Feature Detection and Function Efficiency within JavaScript

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Efficiency in code execution is incredibly important, especially when the given function is used repeatedly.  You often see repeated function calls within JavaScript frameworks.  When you work on said frameworks, you need to ensure you've hit ever micro-optimization possible.  One micro-optimization you can make is running conditionals before you create a function, instead of each time the function runs.  Let me illustrate a basic example.

The Bad

The following would be considered inefficient:

function something() {
    if('something' in obj) {
        // something
    }
    else {
        // fallback
    }
}

The code above is inefficient because the conditional is run upon each call of the function.  Let's do better!

The Good

Instead of running the conditional check within every function call, run the conditional before setting the function:

var something = ('something' in obj) ? function() {
    // something
} : function() {
    // fallback
};

This pattern is especially applicable when using feature detection -- i.e. the value of the conditional never changing.  Of course the conditional evaluation is fast but why calculate easy conditionals more than once? You shouldn't, of course.  Keep this pattern in mind when creating your own frameworks -- don't repeat code!

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Discussion

  1. Manny Fleurmond

    Mind blown. Keep forgetting functions can be used as objects and can be assigned like that.

  2. Thomas

    I don’t find this applicable in a fair number of situations.
    A fairly common example: what if I call this function in several places in my code? I mostly find it better to check for support in the function itself.
    Also, I often like to think that it is more the functions job to check for support.

    • ConcernedCitizen

      Calling your function in several places is the exact reason David’s solution is an improvement.

      If you call function “something” three times in your code, your method would try to detect the feature each time.

      David’s solution only checks the feature once, and the function is defined based on the result of the detection. So if you call “something” three, four, or twenty times in your code, you’ve only needed to check for the feature the one time.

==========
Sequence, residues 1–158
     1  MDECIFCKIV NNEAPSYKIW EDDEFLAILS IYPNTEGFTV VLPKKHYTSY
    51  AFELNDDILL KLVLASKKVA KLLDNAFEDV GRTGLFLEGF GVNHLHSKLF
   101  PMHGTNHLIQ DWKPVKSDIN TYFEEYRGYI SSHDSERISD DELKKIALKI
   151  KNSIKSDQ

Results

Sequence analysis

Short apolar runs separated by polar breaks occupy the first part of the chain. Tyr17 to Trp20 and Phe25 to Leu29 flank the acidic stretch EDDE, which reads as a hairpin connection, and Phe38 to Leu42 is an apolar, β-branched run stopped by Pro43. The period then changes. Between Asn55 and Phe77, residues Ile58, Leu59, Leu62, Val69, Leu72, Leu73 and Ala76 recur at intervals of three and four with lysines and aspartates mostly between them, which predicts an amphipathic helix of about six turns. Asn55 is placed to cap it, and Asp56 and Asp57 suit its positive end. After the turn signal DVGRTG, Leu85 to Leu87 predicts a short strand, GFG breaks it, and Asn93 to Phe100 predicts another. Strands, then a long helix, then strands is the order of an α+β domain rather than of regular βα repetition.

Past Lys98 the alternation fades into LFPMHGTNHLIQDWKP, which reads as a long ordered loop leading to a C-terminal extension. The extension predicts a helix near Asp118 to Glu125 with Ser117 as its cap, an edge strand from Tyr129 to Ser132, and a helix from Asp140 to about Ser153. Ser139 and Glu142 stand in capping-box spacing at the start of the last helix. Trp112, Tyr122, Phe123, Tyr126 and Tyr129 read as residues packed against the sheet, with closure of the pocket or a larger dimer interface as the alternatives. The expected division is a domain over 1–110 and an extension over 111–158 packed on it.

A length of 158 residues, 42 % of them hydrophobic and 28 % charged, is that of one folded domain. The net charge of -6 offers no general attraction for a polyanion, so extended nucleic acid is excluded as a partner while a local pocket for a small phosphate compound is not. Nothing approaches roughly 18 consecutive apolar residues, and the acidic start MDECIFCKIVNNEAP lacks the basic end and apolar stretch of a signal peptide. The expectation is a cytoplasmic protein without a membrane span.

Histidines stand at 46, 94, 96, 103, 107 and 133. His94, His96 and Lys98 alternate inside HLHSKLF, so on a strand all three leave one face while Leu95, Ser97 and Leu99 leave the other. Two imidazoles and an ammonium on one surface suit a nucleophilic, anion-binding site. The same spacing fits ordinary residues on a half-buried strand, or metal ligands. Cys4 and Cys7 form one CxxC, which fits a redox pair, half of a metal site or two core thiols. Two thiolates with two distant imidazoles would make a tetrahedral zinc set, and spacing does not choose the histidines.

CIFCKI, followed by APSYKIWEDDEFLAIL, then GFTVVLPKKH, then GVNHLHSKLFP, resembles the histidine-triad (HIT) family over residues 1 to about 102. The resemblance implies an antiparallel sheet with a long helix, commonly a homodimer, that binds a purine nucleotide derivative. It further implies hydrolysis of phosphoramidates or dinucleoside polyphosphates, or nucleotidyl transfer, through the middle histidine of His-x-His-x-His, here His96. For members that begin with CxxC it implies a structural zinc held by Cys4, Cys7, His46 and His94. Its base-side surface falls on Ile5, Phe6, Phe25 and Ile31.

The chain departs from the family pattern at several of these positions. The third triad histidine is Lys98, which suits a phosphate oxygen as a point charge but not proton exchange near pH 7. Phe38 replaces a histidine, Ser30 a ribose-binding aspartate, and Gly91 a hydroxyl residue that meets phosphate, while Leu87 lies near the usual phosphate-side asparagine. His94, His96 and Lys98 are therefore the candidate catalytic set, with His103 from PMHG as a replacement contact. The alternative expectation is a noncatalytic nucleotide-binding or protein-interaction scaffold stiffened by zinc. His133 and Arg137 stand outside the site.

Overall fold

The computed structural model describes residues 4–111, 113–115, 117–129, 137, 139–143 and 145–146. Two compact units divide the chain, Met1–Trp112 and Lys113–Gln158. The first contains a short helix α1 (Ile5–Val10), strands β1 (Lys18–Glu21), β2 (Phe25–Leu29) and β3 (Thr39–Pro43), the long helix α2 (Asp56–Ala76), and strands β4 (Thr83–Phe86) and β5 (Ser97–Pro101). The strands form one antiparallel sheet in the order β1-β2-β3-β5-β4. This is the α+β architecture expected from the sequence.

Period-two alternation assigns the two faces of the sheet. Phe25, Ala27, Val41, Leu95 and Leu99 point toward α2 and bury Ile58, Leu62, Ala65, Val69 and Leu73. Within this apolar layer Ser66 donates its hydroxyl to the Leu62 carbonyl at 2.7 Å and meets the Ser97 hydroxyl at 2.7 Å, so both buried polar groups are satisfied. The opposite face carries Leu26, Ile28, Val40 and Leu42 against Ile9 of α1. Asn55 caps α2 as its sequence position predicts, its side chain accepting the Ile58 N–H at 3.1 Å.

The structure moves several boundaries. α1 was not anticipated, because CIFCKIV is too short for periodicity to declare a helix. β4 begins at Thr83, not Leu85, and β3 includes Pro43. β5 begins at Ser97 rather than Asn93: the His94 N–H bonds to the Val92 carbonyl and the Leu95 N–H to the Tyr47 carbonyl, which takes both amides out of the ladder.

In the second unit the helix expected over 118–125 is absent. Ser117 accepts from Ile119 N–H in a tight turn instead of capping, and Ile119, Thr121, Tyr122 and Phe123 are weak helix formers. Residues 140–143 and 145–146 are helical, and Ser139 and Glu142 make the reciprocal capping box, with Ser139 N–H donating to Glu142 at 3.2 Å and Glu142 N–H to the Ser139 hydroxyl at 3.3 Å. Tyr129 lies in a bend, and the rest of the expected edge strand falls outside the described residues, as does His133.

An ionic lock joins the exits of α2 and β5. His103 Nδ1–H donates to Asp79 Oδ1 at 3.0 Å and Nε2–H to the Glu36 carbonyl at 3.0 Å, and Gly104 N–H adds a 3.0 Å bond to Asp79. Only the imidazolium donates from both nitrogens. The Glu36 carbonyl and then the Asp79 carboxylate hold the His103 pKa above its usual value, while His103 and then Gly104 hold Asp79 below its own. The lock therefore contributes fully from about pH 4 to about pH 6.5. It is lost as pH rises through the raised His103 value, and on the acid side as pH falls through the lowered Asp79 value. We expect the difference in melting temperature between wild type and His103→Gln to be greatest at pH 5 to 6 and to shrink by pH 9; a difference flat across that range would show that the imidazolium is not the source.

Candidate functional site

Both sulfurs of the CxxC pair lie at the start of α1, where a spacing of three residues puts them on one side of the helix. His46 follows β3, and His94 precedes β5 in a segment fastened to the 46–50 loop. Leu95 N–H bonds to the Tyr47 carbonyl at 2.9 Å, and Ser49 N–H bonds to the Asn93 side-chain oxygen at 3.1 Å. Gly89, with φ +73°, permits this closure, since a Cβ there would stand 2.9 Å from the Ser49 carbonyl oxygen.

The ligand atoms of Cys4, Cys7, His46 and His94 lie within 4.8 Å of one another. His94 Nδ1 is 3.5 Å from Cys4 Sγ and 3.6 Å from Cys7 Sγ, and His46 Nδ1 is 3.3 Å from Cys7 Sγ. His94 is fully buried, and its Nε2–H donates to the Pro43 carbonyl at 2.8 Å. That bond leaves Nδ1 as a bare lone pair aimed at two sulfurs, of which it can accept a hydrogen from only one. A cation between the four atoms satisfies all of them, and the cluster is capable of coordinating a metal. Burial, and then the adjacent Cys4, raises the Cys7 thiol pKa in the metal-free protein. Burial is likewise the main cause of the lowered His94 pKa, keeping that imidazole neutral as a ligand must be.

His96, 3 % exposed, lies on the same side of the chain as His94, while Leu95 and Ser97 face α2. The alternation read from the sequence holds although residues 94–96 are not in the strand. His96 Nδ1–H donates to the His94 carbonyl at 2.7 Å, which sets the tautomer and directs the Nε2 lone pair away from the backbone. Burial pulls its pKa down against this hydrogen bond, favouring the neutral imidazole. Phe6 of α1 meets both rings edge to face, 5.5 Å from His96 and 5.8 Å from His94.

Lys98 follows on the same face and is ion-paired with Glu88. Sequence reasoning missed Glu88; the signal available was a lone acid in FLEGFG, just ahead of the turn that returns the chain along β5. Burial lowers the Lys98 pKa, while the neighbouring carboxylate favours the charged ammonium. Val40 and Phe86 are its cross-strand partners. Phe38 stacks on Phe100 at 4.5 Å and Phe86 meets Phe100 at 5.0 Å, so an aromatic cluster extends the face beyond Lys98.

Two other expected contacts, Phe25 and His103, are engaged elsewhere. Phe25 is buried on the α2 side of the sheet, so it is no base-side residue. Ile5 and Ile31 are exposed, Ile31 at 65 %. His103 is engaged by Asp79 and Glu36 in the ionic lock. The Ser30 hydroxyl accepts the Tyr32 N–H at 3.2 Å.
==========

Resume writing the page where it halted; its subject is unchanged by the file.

3. I would consider using a conditional instead of the ternary operator, specially if the functions aren’t too short:

    var something;
    if('something' in obj){
      something = function(){
        // something
      }; 
    } else {
      something = function(){
        // fallback
      }; 
    }
    
  4. Brendon

    Awesome, consider it adopted :)

  5. I’m getting mixed results (I may be doing this wrong).

    http://jsperf.com/nrd-feature-detection

  6. Christophe

    @Martin: I think the tests should be that. You define function only once, and then you call them multiples time. In the first test, you test in the function everytime the function is called, in the second test you test only once when the function is defined.

    However, it doesn’t give any benefit regarding the jsperf:
    http://jsperf.com/nrd-feature-detection/2

  7. Robert Smith

    I personally prefer the use of the ternary, when used as an assignment like in this particular pattern I think it’s a little easier to read than the IF block.

  8. Adam Bankin

    I’ve used the following to do this

    var myFunction = (function () {
      var detectedFeature // do your feature detection here
    
      return function () {
        if (detectedFeature) {
          doStuff();
        } else {
          doAlternateStuff()
        }
      };
    }());
    
    • Instead of returning a function with conditionals inside, return a function based on conditionals.

      var myFunction = (function(){
      	var detectedFeature; // do your feature detection here
      	if(detectedFeature){
      		return function(){ //feature detected, return a function and end the function
      			doStuff();
      		}
      	}
      	return function(){ //feature not detected, return a fallback function
      		doAlternateStuff()
      	}
      })();
      

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